On Expansion Course

UPS Expands 3D Printing Operations To Europe and Asia

In September 2014, delivery titan UPS started bringing 3D printing to their stores in the USA. Now they are taking the next steps. 

United Parcel Service plans to expand its 3D printing services to Asia and Europe. The main reason for this move is to get ahead of a trend that threatens to eat away a small but lucrative part of its business. Besides delivering packages, UPS makes money from storing and shipping parts for manufacturers. If those customers were to 3D print their own parts, that business would face a drastic reduction.

“3D printing is a great opportunity for us, but it’s also a threat,” Alan Amling, UPS vice president for corporate strategy, told Reuters.

Amling also said UPS is looking at either Singapore or Japan for an Asian 3D printing factory. He did not say where the company might open a European facility, though UPS’s operational hub in Europe is in Cologne, Germany.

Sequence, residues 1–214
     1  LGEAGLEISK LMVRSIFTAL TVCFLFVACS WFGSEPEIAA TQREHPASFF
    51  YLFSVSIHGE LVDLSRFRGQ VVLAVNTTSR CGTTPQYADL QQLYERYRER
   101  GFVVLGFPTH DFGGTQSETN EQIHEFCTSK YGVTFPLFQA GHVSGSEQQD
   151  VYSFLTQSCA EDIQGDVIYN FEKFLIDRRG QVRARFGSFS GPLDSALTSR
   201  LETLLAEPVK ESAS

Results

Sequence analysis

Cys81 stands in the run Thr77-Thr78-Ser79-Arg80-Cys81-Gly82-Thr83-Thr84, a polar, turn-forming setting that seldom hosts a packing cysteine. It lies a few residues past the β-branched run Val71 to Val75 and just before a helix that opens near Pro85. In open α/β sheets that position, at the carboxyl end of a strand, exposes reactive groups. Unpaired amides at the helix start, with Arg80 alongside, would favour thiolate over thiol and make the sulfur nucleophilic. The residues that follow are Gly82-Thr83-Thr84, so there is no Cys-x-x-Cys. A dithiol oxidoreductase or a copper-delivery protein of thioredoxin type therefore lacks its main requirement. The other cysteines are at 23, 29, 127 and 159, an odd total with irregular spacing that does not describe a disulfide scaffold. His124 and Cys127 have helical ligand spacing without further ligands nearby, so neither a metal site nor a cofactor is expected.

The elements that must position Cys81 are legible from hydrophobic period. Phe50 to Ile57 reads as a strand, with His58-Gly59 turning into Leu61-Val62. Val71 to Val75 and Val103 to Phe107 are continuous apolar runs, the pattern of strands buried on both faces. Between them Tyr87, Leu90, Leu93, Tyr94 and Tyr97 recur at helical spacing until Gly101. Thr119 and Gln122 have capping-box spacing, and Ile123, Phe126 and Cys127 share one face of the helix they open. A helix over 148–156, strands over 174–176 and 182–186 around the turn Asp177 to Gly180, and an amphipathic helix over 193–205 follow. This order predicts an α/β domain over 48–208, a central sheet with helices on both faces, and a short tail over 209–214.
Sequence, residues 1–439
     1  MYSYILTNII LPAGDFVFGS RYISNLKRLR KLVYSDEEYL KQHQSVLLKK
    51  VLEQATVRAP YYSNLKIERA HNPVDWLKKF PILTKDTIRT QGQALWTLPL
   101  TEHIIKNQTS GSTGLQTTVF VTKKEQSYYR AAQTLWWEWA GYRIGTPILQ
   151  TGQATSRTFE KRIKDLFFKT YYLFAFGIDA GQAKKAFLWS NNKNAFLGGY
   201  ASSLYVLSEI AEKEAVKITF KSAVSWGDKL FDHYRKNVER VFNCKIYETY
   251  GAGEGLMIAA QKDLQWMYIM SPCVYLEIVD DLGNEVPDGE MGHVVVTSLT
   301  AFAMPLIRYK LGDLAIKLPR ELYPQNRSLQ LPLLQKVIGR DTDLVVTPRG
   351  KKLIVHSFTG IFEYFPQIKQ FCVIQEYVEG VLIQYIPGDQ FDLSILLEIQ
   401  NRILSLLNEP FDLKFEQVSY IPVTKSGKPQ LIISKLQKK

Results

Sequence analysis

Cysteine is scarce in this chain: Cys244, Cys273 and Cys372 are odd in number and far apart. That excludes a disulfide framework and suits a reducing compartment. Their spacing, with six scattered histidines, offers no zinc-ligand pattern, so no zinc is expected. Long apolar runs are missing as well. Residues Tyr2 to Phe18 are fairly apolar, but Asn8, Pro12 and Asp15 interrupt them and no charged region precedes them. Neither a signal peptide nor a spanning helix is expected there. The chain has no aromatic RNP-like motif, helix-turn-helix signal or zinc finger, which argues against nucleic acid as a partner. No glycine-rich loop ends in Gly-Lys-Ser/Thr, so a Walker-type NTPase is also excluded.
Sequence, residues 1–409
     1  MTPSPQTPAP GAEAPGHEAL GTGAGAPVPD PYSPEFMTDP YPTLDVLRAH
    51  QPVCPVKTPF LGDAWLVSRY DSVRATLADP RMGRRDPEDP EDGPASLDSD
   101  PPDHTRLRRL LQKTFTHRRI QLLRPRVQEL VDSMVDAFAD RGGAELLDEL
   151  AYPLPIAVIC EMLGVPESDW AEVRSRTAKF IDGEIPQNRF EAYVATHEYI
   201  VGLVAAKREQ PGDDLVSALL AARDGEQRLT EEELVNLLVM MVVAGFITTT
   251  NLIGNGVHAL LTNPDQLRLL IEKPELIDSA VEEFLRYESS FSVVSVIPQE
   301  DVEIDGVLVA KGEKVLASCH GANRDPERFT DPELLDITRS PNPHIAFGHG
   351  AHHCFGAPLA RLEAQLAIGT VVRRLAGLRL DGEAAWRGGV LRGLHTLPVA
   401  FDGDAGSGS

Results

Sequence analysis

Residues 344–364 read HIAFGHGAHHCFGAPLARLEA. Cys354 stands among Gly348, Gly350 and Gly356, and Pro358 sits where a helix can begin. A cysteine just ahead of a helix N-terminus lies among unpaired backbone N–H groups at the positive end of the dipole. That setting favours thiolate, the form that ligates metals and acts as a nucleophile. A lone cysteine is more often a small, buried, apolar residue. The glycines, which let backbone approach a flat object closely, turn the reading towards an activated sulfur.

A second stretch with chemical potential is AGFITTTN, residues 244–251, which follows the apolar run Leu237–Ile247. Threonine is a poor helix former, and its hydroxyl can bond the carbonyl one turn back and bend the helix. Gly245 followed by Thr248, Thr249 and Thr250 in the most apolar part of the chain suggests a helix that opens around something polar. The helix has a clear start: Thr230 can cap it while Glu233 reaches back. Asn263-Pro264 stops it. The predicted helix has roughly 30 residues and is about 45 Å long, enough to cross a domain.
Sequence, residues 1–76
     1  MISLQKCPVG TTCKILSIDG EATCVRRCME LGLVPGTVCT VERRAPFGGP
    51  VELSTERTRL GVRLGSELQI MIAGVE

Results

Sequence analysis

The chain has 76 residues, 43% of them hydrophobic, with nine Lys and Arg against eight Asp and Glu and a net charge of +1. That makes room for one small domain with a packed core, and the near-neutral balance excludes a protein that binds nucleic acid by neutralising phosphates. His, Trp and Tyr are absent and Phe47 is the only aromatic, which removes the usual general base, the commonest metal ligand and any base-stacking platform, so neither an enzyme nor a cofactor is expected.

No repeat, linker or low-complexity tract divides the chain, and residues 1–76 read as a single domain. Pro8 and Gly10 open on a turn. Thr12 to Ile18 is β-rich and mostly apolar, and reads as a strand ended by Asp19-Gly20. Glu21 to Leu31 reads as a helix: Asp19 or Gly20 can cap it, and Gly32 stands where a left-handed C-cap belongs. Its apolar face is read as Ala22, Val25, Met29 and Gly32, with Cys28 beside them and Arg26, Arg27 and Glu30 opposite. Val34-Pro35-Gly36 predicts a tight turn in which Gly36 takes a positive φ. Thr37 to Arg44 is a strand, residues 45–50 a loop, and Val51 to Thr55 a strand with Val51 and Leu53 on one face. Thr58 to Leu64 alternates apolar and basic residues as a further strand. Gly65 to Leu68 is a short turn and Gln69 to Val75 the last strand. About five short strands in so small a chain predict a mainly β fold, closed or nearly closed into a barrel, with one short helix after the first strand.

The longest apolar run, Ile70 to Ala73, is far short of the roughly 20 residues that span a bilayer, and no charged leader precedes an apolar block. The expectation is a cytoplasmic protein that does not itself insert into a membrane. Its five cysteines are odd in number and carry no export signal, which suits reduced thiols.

UPS already offers professional 3D printing services in the US


Starting in September 2014, UPS  got into 3D printing business in the US (All3DP reported). Since then, they have added also services for professional users.

In May 2016, it launched a U.S.-based 3D printing service with Fast Radius (formerCloudDDM), an Atlanta-based 3D printing company. The facilities are located near the UPS headquarters. They offer additive manufacturing services alongside CNC milling, cast urethane and injection molding. UPS bought an unspecified stake in Fast Radius. They also teamed up with German software giant SAP on this initiative.

In the consumer side, there are 3D printers available at 60 UPS stores throughout the United States. The machines provided print parts by using industrial grade thermoplastics. Customers can upload images for printing at the Fast Radius factory or at one of those UPS stores and have the printed products shipped to any location.

(Source: Reuters)